You understand the concept of hedging but are missing how the Colts applied it. Simply put, Colts didn't want to risk walking into this season without at least some form of an answer at the QB position and JB gave them that insurance incase the draft or free agency didn't pan out this offseason. They certainly knew JB's limitations but knew his upside as well, which is why his contract was structured in a way that gave them an out should he have not performed but also gave them an extra year at a reasonable rate should he have exceeded expectations. Going fully one way or the other would have put them in a riskier position than doing what they did.

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39 minutes ago, Restored said:

Yes, communication wasn't there on one side and everything we have seen to this point in terms of verifiable evidence has pointed to Luck being the one not communicating to Ballard, let alone many of his closest friends and teammates.

Outside of a "friend" who was surprised, nothing is "verifiable". I'd challenge the friend might not be that close. I have tons of workplace and other friends that I don't tell diddly about my personal life, especially my career intentions. Luck is an introvert, and you simply must treat those personality types differently relative to what we're discussing. 

39 minutes ago, Restored said:

You understand the concept of hedging but are missing how the Colts applied it. Simply put, Colts didn't want to risk walking into this season without at least some form of an answer at the QB position and JB gave them that insurance incase the draft or free agency didn't pan out this offseason. They certainly knew JB's limitations but knew his upside as well, which is why his contract was structured in a way that gave them an out should he have not performed but also gave them an extra year at a reasonable rate should he have exceeded expectations. Going fully one way or the other would have put them in a riskier position than doing what they did.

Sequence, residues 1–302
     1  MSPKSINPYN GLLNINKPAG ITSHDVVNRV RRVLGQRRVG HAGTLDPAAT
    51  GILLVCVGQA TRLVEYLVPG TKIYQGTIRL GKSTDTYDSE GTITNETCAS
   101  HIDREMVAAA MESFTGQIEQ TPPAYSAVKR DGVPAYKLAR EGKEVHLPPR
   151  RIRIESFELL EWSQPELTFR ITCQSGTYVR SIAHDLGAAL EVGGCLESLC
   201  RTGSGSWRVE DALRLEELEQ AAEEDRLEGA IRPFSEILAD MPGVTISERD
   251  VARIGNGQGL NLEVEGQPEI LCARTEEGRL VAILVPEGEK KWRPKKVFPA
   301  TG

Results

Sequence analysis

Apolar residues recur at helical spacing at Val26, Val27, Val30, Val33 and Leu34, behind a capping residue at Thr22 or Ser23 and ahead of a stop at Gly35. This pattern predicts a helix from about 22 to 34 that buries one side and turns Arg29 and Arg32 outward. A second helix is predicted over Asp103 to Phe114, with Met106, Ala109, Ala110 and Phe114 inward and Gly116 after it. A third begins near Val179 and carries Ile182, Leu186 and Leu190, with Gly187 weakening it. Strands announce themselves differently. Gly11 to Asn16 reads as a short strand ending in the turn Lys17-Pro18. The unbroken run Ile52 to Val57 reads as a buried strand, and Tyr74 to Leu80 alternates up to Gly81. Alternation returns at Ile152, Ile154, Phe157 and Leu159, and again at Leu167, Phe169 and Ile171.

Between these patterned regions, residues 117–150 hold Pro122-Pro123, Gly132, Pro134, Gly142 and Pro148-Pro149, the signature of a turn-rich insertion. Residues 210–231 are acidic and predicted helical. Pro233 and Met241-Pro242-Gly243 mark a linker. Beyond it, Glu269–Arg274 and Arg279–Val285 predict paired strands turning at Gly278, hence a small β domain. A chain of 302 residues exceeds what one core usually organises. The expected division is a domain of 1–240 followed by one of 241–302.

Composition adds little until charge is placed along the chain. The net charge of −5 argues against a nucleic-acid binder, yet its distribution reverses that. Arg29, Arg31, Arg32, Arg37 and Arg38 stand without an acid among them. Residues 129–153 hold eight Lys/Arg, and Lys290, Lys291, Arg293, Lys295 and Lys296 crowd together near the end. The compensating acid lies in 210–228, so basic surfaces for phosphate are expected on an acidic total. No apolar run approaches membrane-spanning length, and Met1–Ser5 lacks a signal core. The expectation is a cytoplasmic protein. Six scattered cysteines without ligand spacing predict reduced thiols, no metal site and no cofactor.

Ok, what exactly from his past besides leadership suggested there was this "upside". This goes back to what I said previously, and is getting circular. Bottom line there was nothing in his past that suggested he was ever good at many of the basics.

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28 minutes ago, EastStreet said:

Outside of a "friend" who was surprised, nothing is "verifiable". I'd challenge the friend might not be that close. I have tons of workplace and other friends that I don't tell diddly about my personal life, especially my career intentions. Luck is an introvert, and you simply must treat those personality types differently relative to what we're discussing. 

 

It wasn't just Hasselbeck that was surprised. Other teammates and people (Manning and others) were surprised along with Ballard and Reich. I'm sure Ballard and co. were well aware of Luck's personality and how to communicate with him too. It doesn't necessarily mean that they should have known about the retirement though.

 

28 minutes ago, EastStreet said:

Ok, what exactly from his past besides leadership suggested there was this "upside". This goes back to what I said previously, and is getting circular. Bottom line there was nothing in his past that suggested he was ever good at many of the basics.